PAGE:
Golf superstar Phil Mickelson is being accused of allegedly wiring nearly $3 million to an “illegal gambling operation which accepted and placed bets on sporting events,” according to a report by ESPN.

Mickelson, who was not charged in the scheme, allegedly sent $2.75 million to a former sports gambling handicapper who was connected to an offshore operation, sources told ESPN’s "Outside the Lines."

Gregory Silveira pleaded guilty to three counts of money laundering of funds from an unnamed “gambling client” between February 2010 and February 2013, according to court documents obtained by ESPN’s “Outside the Lines.” Although Mickelson’s name does not appear in the court documents, sources familiar with the case told ESPN that the unnamed client is Mickelson.

The plea agreement, which was signed May 1 by Silveira, included a reference to the “money laundering of funds from P.M.” ESPN inquired about the reference, which then prompted the U.S. Attorney’s Office to file a motion to have the original plea agreement stricken. On June 18th, an amended version was filed that took out any reference to “P.M.”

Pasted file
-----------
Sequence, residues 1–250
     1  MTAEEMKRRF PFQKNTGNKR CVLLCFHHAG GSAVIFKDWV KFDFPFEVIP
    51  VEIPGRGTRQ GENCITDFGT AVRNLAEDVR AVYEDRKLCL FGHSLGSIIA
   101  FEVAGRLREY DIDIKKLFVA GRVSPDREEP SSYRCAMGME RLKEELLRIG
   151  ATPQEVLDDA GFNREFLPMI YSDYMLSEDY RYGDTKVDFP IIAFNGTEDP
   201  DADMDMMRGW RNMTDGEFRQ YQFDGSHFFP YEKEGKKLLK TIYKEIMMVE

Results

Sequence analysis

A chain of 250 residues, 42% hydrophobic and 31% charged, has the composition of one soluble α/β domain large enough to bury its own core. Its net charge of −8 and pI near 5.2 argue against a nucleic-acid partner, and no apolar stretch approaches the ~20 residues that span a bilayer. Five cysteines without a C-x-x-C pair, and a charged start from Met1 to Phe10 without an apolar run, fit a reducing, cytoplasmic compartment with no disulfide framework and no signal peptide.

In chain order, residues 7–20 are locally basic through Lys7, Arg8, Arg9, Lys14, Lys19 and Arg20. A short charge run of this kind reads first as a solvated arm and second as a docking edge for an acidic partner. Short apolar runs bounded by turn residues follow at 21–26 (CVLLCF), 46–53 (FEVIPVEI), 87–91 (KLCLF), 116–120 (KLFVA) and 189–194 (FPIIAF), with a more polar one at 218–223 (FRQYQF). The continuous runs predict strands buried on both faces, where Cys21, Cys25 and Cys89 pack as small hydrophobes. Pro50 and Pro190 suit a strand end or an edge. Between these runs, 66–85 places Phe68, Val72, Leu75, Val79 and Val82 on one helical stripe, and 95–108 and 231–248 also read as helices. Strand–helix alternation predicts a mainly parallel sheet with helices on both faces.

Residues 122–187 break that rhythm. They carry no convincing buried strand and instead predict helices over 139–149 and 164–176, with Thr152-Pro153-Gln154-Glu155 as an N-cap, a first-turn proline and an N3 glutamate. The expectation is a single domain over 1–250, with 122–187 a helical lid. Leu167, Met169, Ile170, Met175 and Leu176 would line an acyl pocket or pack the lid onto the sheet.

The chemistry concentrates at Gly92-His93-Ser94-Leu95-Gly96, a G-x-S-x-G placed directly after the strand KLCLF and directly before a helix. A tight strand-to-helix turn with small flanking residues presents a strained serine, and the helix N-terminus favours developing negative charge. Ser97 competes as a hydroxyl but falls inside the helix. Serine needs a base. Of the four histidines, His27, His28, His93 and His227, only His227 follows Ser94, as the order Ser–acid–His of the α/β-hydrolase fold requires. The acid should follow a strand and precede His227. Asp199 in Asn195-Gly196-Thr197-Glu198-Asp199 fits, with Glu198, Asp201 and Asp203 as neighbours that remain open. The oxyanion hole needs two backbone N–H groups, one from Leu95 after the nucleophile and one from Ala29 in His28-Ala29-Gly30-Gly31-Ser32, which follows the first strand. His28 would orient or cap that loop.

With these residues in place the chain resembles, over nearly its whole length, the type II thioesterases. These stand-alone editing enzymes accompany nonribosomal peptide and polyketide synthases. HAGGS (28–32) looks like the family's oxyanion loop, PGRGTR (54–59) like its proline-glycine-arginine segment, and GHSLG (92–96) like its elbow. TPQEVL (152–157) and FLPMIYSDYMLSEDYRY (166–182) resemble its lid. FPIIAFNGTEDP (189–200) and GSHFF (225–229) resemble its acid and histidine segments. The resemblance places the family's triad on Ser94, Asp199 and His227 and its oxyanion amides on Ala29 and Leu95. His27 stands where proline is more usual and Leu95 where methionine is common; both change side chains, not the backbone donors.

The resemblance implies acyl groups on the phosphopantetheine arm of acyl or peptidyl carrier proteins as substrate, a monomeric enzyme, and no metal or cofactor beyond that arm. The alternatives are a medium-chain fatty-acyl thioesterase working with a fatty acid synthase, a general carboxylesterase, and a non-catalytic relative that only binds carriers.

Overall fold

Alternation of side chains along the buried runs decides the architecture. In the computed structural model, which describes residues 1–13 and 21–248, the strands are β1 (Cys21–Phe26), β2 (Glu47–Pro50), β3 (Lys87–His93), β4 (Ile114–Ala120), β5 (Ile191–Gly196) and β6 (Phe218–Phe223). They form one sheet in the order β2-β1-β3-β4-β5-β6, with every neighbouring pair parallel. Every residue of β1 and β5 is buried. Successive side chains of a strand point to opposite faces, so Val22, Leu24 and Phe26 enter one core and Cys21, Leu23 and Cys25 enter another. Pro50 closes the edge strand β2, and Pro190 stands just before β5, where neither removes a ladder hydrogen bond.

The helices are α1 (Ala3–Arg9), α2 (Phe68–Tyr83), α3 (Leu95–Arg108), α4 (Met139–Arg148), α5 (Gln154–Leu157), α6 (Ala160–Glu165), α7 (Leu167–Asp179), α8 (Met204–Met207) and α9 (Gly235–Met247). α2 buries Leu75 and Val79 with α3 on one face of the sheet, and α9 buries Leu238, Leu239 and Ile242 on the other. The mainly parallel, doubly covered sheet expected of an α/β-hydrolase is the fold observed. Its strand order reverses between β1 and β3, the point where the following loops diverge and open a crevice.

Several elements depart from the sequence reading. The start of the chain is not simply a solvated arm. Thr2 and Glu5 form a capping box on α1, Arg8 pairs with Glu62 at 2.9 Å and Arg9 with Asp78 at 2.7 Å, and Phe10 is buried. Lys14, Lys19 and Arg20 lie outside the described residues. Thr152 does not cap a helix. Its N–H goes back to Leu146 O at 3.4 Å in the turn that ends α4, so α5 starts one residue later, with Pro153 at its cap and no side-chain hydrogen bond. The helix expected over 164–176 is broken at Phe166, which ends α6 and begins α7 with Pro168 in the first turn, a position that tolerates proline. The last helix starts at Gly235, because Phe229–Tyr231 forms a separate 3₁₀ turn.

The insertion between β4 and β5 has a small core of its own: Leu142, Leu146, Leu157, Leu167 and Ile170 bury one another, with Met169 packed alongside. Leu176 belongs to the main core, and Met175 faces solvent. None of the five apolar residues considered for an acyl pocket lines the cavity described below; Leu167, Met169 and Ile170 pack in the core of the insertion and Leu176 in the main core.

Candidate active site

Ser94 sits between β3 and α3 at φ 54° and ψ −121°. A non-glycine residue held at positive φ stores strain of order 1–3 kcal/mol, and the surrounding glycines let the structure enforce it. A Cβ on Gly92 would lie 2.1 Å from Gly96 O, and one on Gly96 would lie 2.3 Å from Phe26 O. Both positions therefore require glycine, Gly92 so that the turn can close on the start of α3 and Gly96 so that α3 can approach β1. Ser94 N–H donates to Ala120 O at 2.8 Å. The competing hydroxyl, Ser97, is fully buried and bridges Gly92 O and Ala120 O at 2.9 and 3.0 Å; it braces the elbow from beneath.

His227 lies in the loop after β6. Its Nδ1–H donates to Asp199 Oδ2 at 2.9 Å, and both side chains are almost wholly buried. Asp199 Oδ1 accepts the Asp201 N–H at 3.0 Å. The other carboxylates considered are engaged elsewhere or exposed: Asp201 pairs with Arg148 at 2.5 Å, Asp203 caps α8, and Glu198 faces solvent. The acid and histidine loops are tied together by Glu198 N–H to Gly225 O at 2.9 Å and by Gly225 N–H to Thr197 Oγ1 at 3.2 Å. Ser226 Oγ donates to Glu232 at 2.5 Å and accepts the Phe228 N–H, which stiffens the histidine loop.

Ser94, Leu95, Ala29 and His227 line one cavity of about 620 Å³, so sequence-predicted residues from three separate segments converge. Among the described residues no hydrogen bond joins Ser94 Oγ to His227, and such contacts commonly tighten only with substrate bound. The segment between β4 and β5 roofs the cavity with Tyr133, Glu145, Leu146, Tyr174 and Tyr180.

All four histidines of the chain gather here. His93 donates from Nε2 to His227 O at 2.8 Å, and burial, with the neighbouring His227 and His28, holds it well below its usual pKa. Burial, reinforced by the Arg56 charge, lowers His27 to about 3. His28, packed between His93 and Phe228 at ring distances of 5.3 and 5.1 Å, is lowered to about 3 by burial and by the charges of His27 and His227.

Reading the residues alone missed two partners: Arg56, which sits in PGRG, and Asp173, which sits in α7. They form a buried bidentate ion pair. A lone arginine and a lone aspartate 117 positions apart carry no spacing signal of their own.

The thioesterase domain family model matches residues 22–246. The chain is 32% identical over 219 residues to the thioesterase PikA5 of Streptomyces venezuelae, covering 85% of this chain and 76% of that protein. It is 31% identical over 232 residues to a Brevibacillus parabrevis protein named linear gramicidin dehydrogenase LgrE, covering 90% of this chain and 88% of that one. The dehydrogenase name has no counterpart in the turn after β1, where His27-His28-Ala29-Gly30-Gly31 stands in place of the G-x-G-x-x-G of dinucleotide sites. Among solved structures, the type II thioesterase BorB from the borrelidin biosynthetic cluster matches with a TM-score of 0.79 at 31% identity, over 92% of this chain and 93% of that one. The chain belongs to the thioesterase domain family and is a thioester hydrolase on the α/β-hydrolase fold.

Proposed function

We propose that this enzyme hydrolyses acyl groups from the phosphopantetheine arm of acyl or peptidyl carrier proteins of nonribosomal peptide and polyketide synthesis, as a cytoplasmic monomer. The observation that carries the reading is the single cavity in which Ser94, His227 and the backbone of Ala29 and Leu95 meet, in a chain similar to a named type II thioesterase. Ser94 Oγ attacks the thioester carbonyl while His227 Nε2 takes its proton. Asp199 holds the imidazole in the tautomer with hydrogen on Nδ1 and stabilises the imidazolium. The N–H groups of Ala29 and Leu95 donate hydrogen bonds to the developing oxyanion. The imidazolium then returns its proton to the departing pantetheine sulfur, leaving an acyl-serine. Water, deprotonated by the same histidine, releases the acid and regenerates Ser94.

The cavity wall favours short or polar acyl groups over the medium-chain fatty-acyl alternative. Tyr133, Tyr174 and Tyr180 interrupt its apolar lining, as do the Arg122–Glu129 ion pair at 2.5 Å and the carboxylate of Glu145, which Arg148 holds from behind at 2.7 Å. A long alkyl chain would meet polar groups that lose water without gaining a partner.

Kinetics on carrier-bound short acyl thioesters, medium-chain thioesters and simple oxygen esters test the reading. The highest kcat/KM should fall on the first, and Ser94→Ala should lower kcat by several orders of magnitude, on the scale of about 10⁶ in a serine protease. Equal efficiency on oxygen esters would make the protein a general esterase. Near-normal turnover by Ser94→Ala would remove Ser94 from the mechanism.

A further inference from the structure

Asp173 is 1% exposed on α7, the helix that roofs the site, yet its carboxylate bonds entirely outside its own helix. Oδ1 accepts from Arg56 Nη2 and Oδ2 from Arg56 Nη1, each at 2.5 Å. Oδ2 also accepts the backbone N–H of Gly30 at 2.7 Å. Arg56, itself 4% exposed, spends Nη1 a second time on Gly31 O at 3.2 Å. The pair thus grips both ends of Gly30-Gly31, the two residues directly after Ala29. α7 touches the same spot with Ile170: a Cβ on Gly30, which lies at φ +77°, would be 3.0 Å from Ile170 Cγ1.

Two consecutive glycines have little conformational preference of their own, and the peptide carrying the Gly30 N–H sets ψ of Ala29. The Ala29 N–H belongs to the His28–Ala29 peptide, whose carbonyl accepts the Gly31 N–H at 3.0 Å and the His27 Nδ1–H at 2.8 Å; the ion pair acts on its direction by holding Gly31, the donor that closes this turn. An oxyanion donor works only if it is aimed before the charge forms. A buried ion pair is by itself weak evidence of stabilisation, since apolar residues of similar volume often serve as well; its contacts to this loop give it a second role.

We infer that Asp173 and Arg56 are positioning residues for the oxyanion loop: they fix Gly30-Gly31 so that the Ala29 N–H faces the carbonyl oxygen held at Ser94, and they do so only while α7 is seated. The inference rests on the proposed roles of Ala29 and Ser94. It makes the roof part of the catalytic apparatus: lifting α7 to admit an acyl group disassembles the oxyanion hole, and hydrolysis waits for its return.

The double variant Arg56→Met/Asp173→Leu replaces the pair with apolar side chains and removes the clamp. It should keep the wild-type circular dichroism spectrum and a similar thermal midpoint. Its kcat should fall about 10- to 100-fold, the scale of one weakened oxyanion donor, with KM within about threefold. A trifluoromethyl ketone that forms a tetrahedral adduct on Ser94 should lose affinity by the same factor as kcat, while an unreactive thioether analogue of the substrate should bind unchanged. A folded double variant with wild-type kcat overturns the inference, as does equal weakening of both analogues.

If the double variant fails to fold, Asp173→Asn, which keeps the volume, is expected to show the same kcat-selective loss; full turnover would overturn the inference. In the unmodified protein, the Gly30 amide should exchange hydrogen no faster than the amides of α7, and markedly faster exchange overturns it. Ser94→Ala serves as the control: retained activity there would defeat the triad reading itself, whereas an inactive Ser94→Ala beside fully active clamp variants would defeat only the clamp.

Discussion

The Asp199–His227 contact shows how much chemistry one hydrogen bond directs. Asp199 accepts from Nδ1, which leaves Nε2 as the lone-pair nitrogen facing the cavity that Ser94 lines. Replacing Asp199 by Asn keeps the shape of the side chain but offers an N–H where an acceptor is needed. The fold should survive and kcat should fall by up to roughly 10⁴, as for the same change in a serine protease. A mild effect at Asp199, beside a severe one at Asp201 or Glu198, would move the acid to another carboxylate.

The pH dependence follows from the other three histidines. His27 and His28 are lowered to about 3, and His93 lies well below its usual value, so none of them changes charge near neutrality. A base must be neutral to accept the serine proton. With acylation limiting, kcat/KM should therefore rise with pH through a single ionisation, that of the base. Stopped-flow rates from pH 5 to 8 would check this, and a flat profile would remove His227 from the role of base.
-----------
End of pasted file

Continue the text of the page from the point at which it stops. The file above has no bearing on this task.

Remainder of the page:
According to court documents obtained by ESPN, Silveira accepted a wire transfer of $2.75 million from a “gambling client” to his Wells Fargo Bank account in March 2010.  A few days later, court documents show Silveira transferred $2.475 million and then $275,000 to another Wells Fargo account and then transferred the $2.475 million to an account he had at JPMorgan Chase Bank.

“At the time, defendant initiated these three transfers with the intent to promote the carrying of an illegal gambling operation,” according to a plea agreement.

The investigation was led by the Internal Revenue Service and court documents do not indicate what prompted the investigation.

Mickelson, a five-time major winner and one of the PGA tour’s wealthiest and most popular players, was investigated last year by the FBI and Securities and Exchange Commission for his possible role in an insider trading case. Mickelson was cleared of any charges after an investigation found no evidence of any wrongdoing.